This is part questioning blog post, and part movie review, because if you haven’t seen “Searching For Sugar Man” yet, you probably should.
The movie, which I referenced in podcast 009, is a touching look at art and commerce, even if it does play a little loose with the facts. It’s about Sixto Rodriguez, a sensitive songwriter, who’s two 70’s albums went bust in the US, only to have them find new life during the anti-Apartheid movement in South Africa. The funny thing was, Rodriguez had given up on his singing career and was a manual laborer in Detroit, struggling to raise his daughters. He never made a dime off his South African success, in fact, most of South Africa thought he was dead, having killed himself.
The saving grace of this documentary is Rodriguez’ s daughters, who tell harrowing tales of growing up in dire poverty, and yet, appear to have turned out wonderfully intelligent and well spoken. Their mom is never mentioned, which is odd, and Rodriguez himself adds to his own mystery with a bemused detachment to his tale, which makes him look both noble and zen-like.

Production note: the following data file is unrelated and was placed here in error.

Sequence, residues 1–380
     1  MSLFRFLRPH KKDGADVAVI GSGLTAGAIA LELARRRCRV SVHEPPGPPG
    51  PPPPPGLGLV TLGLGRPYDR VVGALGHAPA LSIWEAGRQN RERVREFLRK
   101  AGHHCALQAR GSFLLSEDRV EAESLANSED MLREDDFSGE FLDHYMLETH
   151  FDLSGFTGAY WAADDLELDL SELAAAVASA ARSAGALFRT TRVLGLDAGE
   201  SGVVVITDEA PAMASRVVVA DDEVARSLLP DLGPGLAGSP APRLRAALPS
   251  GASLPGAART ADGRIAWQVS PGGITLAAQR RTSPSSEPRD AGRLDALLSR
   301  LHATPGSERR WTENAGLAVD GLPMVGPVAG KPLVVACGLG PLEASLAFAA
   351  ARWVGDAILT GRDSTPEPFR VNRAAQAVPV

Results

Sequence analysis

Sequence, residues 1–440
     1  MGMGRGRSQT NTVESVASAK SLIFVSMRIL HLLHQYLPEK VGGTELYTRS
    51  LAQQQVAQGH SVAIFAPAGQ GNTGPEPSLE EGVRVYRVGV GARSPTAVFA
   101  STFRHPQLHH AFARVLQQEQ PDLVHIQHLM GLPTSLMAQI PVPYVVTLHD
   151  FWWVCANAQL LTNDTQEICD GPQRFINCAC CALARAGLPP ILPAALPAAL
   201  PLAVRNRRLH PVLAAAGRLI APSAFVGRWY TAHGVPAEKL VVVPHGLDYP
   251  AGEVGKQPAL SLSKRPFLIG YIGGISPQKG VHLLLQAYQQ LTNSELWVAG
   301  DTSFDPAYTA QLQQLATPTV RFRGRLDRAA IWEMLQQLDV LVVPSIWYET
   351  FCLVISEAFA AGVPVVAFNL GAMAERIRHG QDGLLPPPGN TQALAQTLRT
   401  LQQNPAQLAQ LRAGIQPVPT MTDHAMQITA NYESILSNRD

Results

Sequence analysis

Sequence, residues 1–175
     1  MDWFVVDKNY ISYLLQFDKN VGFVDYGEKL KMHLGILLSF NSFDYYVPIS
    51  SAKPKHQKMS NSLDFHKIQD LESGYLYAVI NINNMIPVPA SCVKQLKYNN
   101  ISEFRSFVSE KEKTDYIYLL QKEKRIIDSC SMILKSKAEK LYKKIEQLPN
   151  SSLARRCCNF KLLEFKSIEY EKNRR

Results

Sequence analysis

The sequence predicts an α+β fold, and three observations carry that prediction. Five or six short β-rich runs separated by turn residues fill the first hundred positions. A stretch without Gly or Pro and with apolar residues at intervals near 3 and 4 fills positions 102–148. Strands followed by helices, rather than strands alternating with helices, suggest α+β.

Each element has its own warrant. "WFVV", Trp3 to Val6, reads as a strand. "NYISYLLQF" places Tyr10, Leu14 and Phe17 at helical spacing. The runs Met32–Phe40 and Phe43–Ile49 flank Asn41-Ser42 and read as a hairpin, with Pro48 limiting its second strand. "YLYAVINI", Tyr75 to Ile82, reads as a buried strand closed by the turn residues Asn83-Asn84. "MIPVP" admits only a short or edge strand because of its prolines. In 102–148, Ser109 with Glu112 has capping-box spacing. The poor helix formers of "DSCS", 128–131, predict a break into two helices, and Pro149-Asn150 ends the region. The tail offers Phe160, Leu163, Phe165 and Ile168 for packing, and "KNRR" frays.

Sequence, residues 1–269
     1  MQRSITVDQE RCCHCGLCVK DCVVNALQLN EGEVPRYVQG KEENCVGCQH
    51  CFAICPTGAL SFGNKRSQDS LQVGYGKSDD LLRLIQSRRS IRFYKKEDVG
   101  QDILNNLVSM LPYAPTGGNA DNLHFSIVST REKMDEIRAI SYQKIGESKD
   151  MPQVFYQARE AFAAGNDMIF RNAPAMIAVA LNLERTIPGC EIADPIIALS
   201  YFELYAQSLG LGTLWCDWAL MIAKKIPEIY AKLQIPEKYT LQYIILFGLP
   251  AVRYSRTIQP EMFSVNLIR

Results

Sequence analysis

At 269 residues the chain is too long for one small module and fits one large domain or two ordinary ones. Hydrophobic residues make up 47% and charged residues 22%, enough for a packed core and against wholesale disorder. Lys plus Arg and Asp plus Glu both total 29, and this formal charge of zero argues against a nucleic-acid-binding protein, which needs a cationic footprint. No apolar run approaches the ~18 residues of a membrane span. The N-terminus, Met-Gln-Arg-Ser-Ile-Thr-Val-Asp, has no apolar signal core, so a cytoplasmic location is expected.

I know I cry at the drop of a hat at movies, but if you don’t shed a tear when his oldest daughter tells of him dropping them off at the library while he went to work because he couldn’t afford day care, you may not be human.
In the movie, there’s a scene where one of the record executives who tried to launch his American career plays a piece of one of Rodriguez’s songs called “Cause”. The song starts with the line “‘Cause I lost my job two weeks before Christmas…” He declared it one of the saddest songs he ever heard. And it really is. It’s about being poor how the world doesn’t give a crap.
Which got me to thinking about sad songs. I’ve always loved a good sad song. I think the best ones are the ones that walk right up to the line of being glurge, but never go over the edge. Although I’ll admit it’s hard to know where that edge is.
So, wonderful internet, I ask you — what is the saddest song you’ve ever heard? Is there context which makes it sadder for you? (For instance, the Rodriguez song is extra sad for me, because I’ve seen how impoverished Detroit is, and how it seems like the rest of the world doesn’t care).
Here’s two of mine…
Don McLean “Oh My What A Shame”
McLean was the king of sad songs in the early 70’s. Even the rollicking sing along anthem “American Pie” has a poignant plot line: Music is dead, y’all. But this tragic twister will rip out your soul and spit it out as he recounts tragic story after tragic story of a world that just happens to tear your heart out time and time again.
Tori Amos “Winter”
Here’s one that hits a personal twinge for me. Tori sings of her relationship with her father, and all the conflicting emotions that brings, especially the difficulty he has communicating self esteem to her, saying, “When you gonna love you as much as I do”.
I can’t listen to this all the way through without crying. Ever. That’s why I rarely listen to it.